Lately the stock market has had more twists and turns, sudden plunges and sharp rises than a theme-park roller coaster ride. Not surprisingly, investors can’t help but wonder how to deal with this unprecedented level of volatility.
Global investment markets and economies will continually test investors with unsettling cycles that can’t be controlled. But while these market movements are largely unpredictable, their effect on investor emotions is.
In rising markets, investors are notoriously optimistic; in falling markets that exuberance can quickly fade to pessimism. This cycle can turn rational investors into irrational ones, tempting them to take drastic action and placing in jeopardy their developed, diversified long-term financial plans.
Understanding this cycle of emotions may help investors to manage their response to market fluctuations and remain certain of their financial goals even in times of uncertainty.
The cycle usually starts with optimism - investors commonly expect things to go their way, or more correctly they expect a return for the risk of investing. As stock prices increase, investors feel a sense of excitement, which gives way to euphoria and the belief that prices can only head higher. This is when investors start to chase hot new trends, putting all their eggs in one basket as they try to time the market.
It is at the top of this cycle that investors are at the point of maximum financial risk – a dangerous time when unrealistic expectations typically take hold. Investors often fool themselves into believing that excessive returns are commonplace. As a result, they become blinded to the potential risks at hand. An example of investor euphoria was the tech boom of the late 1990’s.
Of course, rising prices can’t continue indefinitely and all markets inevitably go through periods of decline. As prices drop in value, euphoria gives way to anxiety as investors look to the markets for direction. If the downward trend continues, anxiety quickly turns to denial and fear.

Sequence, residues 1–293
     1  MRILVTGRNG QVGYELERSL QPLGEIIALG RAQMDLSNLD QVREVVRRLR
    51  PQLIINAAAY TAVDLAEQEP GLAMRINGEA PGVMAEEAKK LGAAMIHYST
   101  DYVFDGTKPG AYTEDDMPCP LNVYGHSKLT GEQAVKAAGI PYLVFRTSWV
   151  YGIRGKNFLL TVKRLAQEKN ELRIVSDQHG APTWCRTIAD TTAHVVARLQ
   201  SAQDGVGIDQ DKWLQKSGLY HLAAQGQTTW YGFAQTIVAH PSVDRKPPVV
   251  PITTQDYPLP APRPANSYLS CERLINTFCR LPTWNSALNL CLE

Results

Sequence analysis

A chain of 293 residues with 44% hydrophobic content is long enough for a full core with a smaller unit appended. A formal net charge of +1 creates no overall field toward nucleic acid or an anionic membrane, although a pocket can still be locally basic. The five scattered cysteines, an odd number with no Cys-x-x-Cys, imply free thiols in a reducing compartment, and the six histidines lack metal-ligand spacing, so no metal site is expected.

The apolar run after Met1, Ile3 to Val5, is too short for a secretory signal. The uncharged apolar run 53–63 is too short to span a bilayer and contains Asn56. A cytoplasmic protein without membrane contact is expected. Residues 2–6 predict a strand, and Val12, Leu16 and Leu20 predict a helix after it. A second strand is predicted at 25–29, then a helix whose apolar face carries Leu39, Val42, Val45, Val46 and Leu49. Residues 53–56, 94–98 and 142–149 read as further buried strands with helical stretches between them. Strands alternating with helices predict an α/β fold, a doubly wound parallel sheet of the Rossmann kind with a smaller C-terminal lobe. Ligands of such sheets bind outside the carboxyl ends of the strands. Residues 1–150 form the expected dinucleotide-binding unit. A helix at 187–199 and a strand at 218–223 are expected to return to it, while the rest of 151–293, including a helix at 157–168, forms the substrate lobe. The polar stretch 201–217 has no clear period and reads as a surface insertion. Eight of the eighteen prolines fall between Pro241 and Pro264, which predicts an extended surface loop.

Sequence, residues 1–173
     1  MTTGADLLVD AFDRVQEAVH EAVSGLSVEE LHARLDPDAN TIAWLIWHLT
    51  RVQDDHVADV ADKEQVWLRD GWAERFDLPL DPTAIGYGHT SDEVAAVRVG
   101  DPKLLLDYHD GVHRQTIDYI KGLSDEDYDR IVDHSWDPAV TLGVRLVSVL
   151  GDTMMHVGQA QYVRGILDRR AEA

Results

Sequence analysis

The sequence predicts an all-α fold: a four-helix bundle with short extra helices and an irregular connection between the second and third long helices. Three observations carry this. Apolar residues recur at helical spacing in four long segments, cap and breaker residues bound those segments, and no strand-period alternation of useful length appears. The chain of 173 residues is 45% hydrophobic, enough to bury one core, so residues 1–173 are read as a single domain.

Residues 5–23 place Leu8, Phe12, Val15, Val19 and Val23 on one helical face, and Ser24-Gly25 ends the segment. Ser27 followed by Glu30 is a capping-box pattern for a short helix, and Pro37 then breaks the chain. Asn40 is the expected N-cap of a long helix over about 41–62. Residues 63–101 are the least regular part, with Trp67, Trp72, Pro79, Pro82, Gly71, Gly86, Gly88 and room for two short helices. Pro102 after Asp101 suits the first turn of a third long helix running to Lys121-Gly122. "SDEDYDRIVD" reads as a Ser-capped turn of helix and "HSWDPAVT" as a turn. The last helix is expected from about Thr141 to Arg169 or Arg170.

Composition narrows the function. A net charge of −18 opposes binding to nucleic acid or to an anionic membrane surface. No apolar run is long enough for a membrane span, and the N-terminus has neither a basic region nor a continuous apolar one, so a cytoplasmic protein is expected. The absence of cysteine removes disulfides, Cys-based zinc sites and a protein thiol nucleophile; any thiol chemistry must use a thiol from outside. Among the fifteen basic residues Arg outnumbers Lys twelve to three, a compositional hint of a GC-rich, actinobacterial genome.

Investors start to question their decisions, even as they wait for prices to recover. Should markets continue to fall beyond this stage, desperation and panic mount. At this point, many investors have lost not only their prior profits, but some of their initial investment capital as well. That’s when they start to act defensively and begin to think about switching out of riskier assets to more defensive shares or other asset classes such as bonds.
The more volatile the markets become, the more emotional investors may get about their investments. In the next phase of the cycle, panic and desperation set in. Some investors persevere, wondering whether the markets are ever going to recover. Many others capitulate, withdrawing from the market altogether, afraid of further losses.
Ironically, it is precisely at this time that investors often fail to recognize that they are at the point of maximum financial opportunity in the stock market. They are so emotionally despondent that the idea of actually buying at bargain-level prices is inconceivable to them.
With the recent turmoil in the stock markets, investors may find themselves at the bottom of the cycle. At this time, it’s crucial to remember that being patient today could represent an opportunity to own investments with real future return prospects.
While you cannot predict when the next upward or downward turn will occur, having a sound financial plan can bring a feeling of confidence that you are well positioned to endure the ride.
A Wealth Management Advisor can help you understand and manage the cycle of investor emotions through market fluctuations. Through the use of our investment philosophy and asset allocation approach, an advisor can help provide the perspective, focus and discipline required to stay on a steady course to reaching your financial goals.
The Northwestern Mutual Wealth Management Company
No investment strategy can guarantee a profit or protect against loss in a declining market.